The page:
What do we deposit and where?
The following is considered waste electrical and electronic equipment:
- large and small domestic appliances;
- TV and computer screens;
- IT and telecommunications equipment;
- leisure electronics;
- electric and electronic tools;
- lighting equipment;
- watches and timers;
- electrical devices for body care;
- electronic tools and sports equipment with electrical or electronic parts.
Waste electrical and electronic equipment does not belong to the residual waste bins or among bulky waste.
It must be taken over by the merchants that sell you your new refrigerator, washing machine or TV set or you can take it to the Barje Collection Centre, while small items (up to the size of a vacuum cleaner) can be deposited in the new movable collection unit you can find at the scheduled locations in MOL from spring till autumn.
There are six containers for waste electrical and electronic equipment at the Barje Collection Centre, namely:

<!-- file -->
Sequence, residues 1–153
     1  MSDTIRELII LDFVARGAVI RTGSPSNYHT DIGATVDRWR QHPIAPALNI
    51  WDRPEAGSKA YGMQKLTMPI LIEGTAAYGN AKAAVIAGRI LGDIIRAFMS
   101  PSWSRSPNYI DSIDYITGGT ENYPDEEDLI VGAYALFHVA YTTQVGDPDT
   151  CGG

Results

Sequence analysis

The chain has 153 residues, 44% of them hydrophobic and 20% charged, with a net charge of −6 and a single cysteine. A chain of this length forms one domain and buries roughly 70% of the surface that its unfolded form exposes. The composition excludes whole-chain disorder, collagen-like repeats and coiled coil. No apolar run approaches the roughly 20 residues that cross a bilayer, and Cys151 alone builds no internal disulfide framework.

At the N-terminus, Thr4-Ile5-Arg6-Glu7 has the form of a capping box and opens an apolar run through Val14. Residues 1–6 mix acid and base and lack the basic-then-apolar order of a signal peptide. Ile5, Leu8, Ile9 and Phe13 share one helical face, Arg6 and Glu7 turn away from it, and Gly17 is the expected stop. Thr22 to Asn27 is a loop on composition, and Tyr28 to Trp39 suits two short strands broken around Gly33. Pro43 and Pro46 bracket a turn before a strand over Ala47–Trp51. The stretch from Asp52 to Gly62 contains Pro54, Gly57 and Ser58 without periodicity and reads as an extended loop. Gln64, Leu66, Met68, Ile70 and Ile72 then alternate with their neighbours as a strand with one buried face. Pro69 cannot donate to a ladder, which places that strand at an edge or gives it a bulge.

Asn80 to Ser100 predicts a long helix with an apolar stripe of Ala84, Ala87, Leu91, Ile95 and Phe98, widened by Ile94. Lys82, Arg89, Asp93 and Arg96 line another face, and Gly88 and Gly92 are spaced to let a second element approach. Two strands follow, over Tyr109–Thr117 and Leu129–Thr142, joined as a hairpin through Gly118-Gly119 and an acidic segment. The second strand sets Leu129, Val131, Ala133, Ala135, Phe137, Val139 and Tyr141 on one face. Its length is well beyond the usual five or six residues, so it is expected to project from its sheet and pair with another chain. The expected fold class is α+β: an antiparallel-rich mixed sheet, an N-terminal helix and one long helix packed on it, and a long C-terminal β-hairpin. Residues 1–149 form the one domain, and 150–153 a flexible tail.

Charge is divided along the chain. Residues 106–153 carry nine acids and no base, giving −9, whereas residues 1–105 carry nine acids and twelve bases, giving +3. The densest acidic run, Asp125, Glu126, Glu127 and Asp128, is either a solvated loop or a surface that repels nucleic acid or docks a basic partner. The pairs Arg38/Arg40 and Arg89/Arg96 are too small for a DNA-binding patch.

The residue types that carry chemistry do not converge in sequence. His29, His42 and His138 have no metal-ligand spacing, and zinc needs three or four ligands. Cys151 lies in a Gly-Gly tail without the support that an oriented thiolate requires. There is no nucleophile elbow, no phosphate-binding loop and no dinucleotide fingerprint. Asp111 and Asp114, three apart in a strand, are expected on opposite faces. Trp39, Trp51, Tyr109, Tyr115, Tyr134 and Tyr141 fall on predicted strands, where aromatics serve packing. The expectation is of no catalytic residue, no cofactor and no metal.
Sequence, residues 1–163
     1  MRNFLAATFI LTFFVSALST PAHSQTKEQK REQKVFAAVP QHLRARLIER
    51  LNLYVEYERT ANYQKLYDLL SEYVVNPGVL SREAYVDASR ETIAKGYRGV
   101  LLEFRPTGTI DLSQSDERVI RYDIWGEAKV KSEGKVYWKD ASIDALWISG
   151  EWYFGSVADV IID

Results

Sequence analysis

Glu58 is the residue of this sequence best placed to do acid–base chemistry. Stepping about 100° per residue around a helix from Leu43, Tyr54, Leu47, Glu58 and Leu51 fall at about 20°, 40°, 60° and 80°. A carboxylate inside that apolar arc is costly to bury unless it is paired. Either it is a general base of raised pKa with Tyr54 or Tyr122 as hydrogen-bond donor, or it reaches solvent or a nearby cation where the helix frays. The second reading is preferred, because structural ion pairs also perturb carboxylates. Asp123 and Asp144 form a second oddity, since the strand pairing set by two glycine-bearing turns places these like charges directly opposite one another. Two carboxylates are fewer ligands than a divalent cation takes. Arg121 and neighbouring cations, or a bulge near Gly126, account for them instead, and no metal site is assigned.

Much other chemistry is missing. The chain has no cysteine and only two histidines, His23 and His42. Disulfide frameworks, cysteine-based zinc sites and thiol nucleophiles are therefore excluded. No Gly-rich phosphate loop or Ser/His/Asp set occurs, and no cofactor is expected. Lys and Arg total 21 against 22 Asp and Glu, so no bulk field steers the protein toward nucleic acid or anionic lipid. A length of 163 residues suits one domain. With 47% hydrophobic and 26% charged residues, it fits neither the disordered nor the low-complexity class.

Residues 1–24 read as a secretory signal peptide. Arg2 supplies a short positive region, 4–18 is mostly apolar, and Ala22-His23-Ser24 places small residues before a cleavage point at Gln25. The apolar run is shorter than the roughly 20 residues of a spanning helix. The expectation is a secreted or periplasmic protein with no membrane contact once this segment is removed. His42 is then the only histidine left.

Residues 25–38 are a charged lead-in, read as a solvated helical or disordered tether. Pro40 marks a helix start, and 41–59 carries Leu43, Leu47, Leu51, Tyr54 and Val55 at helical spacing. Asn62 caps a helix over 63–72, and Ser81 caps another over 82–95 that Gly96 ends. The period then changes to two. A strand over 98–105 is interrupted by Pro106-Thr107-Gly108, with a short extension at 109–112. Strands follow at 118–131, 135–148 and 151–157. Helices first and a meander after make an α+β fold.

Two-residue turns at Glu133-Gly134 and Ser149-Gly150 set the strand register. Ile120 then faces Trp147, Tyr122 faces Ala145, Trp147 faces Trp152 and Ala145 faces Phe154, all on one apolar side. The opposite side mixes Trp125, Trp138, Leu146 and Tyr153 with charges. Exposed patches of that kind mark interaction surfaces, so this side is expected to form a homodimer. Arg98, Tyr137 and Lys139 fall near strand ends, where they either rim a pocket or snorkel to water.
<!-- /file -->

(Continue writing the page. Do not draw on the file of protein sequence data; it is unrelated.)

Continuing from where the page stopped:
- a container for large household appliances (refrigerators, freezers, washing and drying machines etc.);
- a container for small household appliances (vacuum cleaners and electric brooms, sewing machines, toasters etc.);
- a container for TV and computer screens;
- a container for leisure electronics and telecommunications (computers, printing units, fax machines, telephones, radio receivers, video recorders, video cameras, DVD players etc.);
- a container for lighting equipment;
- a container for electrical and electronic tools (with the exception of large immovable industrial tools).
Why is it so important to separately collect waste electrical and electronic equipment?
Electrical and electronic equipment contains a lot of substances that are harmful to the environment, such as lead, cadmium, mercury and CFC gases, which are destroyed or recycled using specific procedures suitable for individual types of appliance or equipment.
Raw materials are not negligible either – one million mobile phones contain 250 kilograms of silver, 24 kilograms of gold and 9 kilograms of palladium and copper, each. We can recycle up to 90% of these raw materials.
And what do the figures say? In the European Union, around 10 million tonnes of computers, telephones, household and other appliances are thrown away each year. Most of them still end up at dumps.